Key Findings from the Kilimanjaro study, NCAP Tanzania project.

Submitted by Ben Smith | published 21st Feb 2012 | last updated 21st Feb 2012

Climate change projections for the Kilimanjaro region indicate a 25 to 60% increase in short rain precipitation and an increase of 20 to 45% precipitation of the long rains. Over the past thirty years, the Kilimanjaro region has experienced a general increase in temperature and decrease in precipitation levels.

It is not just mean changes in climatic systems, which will occur, but also increased variability in temperature and precipitation levels. The Kilimanjaro region has always contended with variability. Variability underlies the complex agroforestry system of the Chagga gardens where different tree crop combinations have different responses to climate stimuli. Off-farm sources of income, an echo of the Chagga trading system, serve to counteract variability.

The Kilimanjaro region faces significant risks from climate change, with a rise in mean temperature, and uncertain changes in precipitation levels. The changes are predicted to have both positive and negative effects on agriculture. Coffee and cotton production could be expanded whereas maize production could see a marked decrease. Adaptation should not only guard against adverse impacts but harness the potential benefits of climate change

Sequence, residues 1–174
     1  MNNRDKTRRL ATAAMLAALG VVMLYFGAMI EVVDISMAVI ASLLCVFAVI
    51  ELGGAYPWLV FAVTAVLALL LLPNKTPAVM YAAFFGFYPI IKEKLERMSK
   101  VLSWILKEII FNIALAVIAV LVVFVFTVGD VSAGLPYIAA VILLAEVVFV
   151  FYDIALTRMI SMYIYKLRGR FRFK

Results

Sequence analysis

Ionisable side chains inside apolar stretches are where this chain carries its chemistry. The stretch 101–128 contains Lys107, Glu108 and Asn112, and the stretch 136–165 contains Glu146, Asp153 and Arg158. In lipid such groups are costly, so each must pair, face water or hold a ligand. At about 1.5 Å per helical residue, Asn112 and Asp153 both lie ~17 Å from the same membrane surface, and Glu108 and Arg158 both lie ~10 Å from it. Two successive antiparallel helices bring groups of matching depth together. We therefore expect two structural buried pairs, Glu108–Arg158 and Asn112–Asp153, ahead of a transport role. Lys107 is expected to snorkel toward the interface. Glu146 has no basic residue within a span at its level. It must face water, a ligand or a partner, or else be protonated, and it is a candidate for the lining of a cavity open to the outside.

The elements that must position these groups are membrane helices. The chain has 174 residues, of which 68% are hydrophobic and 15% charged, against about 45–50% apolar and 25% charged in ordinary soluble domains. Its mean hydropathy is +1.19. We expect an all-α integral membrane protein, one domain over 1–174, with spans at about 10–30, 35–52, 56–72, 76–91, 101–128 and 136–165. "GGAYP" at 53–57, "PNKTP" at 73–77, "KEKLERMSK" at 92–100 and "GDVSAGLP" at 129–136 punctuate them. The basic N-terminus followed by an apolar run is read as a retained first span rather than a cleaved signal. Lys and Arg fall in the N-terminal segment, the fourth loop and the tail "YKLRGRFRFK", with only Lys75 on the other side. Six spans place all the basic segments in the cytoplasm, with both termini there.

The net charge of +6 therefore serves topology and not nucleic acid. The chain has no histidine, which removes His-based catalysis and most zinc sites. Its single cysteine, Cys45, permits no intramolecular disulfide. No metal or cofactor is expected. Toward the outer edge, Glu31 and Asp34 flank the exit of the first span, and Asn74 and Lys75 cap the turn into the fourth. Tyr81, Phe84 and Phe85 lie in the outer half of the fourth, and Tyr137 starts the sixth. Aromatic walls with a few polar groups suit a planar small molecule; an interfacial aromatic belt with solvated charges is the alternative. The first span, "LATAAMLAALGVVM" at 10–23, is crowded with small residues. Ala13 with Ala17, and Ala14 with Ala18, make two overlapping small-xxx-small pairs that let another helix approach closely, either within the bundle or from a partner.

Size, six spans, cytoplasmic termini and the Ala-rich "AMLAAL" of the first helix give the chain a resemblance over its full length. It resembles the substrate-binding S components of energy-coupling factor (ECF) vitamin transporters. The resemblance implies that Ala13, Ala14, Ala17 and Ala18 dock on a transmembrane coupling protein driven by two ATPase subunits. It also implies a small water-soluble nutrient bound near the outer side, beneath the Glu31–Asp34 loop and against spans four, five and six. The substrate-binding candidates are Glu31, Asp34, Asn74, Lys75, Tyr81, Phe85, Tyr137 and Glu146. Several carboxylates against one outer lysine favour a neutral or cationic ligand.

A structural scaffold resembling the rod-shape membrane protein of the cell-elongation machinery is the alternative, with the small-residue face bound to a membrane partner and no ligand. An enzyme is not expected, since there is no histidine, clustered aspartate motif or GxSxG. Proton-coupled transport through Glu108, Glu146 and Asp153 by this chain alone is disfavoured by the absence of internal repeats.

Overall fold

Perceptions of Drought

Over 90% of the respondents stated they were aware of climate change. Out of these respondents nearly 80% mentioned shorter rain seasons, insufficient rainfall or both as an impact of climate change. This runs parallel to the meteorological data collected, which shows an overall decreasing amount of rainfall.

In 1983 to 1984, when there were two years of below average rainfall, was the drought that most age groups recalled. The older age groups reported in larger numbers that 1984 was the last drought primarily because younger respondents were not born yet or could not remember. The number of respondents who mentioned that drought had occurred in the last five years increaseddramatically. But this seems to be more an issue of food security rather than meteorology.

Adaptation strategies

The difference between adaptation and coping mechanisms is that coping is done through existing systems whereas adaptation occurs through the modification of the system. Small-holder farmers are frequently perceived as efficient, experienced and fundamentally adaptive. This is illustrated by the dynamic climatic conditions on Mount Kilimanjaro and the ability of the Chagga to transform the forested foot hills into inhabitable dwellings through years of cultivation, selection and cultured management of the land. Of course this does not imply that all small-holder farmers are sustainable land managers but by looking at the set of assets, skills and opportunities which they possess, much can be learnt about the adaptive capacity of an area.

The adaptation strategies of the Chaaga in response to both the exogenous and endogenous pressures can be split into three broad categories, extensification, intensification and diversification into off-farm activities.